September 1, 2018 (Sat)
The Chinese domain strategy of Walmart
Image courtesy of Walmart.com
Apple has moved its Chinese iCloud data to China and India is considering a policy to require data to stay within its country. National governments across the world will likely impose requirements on local residence of local data as time goes on. The "one .com to rule them all" domain strategy may have to include domains for each market. If you are a business owner, what domains do you need when entering the China market? Or, what is the implication if you are a domain investor? I hope a study of Walmart's domain strategy will give us some hints.
Walmart uses Wal-martChina.com as its corporate domain in China, as shown by Baidu. You may notice the hyphen in the name and how it's different from Walmart's global domain Walmart.com. This is because Wal-martChina.com was registered in 1999 and well before the name change from "Wal-mart" to "Walmart" in February this year. Nevertheless, the retailer had the foresight in 2002 to register WalmartChina.com which now forwards visitors to Wal-martChina.com. It also owns Walmart.cn and recently acquired W.cn and W.com.cn.
Walmart's Chinese brand is 沃尔玛 (Wo Er Ma), which is translated phonetically from its English brand. The retailer owns Woerma.com but Woerma.cn is a live site operated by Chinese functional drinks maker Zhong Wo.
When you look at the domains, you can see that Walmart.cn, W.cn, or Woerma.com would be a much better choice than Wal-martChina.com as Walmart's corporate domain in China. Therefore, I'd suggest Walmart to consider changing its corporate domain to one of the three domains. In fact, W.cn is a very attractive option because Chinese consumers like short domains, as evidenced in the great success of JD.com by ecommerce giant Jing Dong.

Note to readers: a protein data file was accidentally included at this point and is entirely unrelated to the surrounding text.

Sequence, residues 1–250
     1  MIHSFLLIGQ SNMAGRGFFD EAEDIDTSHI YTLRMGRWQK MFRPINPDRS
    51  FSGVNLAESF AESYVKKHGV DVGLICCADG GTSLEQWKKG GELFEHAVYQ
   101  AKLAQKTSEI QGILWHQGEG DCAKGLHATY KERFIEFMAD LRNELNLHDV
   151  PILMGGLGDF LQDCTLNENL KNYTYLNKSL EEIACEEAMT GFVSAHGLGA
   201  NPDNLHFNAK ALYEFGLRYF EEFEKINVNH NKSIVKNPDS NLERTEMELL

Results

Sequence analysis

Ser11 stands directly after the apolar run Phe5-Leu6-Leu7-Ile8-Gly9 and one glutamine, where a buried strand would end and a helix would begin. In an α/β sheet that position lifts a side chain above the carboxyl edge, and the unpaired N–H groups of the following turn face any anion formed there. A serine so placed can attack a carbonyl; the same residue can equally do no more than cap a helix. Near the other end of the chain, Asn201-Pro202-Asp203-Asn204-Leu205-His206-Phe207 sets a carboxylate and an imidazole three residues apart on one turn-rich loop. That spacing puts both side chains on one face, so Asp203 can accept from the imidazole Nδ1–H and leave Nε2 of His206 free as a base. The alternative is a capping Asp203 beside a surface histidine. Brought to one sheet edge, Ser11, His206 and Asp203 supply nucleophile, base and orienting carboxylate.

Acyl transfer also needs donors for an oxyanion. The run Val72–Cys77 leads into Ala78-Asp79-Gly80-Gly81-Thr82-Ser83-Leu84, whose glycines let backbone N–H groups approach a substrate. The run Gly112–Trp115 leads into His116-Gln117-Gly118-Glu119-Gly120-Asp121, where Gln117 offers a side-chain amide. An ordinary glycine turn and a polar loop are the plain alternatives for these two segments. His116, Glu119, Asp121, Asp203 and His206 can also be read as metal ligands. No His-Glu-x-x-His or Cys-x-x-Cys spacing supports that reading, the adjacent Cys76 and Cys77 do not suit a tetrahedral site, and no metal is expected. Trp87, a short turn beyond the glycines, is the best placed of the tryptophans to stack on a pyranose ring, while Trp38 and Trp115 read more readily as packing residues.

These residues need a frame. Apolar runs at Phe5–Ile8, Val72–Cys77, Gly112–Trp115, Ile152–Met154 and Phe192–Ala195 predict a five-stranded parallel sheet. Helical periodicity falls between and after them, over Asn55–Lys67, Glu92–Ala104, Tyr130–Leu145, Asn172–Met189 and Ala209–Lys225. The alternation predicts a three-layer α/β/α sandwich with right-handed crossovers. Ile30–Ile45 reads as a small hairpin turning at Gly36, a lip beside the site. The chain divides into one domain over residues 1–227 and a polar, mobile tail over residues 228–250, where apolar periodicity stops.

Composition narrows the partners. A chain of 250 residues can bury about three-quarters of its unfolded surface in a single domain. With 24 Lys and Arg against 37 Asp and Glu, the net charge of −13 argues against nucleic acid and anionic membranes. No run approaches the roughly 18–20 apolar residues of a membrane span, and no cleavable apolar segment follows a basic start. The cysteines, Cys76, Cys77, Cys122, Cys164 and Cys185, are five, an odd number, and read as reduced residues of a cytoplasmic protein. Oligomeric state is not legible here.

Walmart is well positioned to handle any future change in government regulations to require local presence of websites and domains within China. The retailer can simply move Walmart.cn, W.cn, and Woerma.com to China, and then choose one of them as the corporate domain for its China business. This will not affect Walmart's global business built on its global domain Walmart.com.
What can we learn from this study? When you enter the China market, you need to (1) acquire the .cn domain matching your English brand; (2) secure the .com and .cn domains matching your Chinese brand; and (3) consider the matching acronym .com or .cn domain. While you only need one domain as your corporate domain, related domains should be secured as much as possible for brand protection. For domain investors, if you own a domain falling into the domain path of companies entering the China market, your domain will be very valuable if there is no trademark issue.
Note: If you have an English brand you want to translate into Chinese phonetically, you can try tools such as ChineseTools
available on the internet. Of course, the quality cannot be compared with a professional translation service.)
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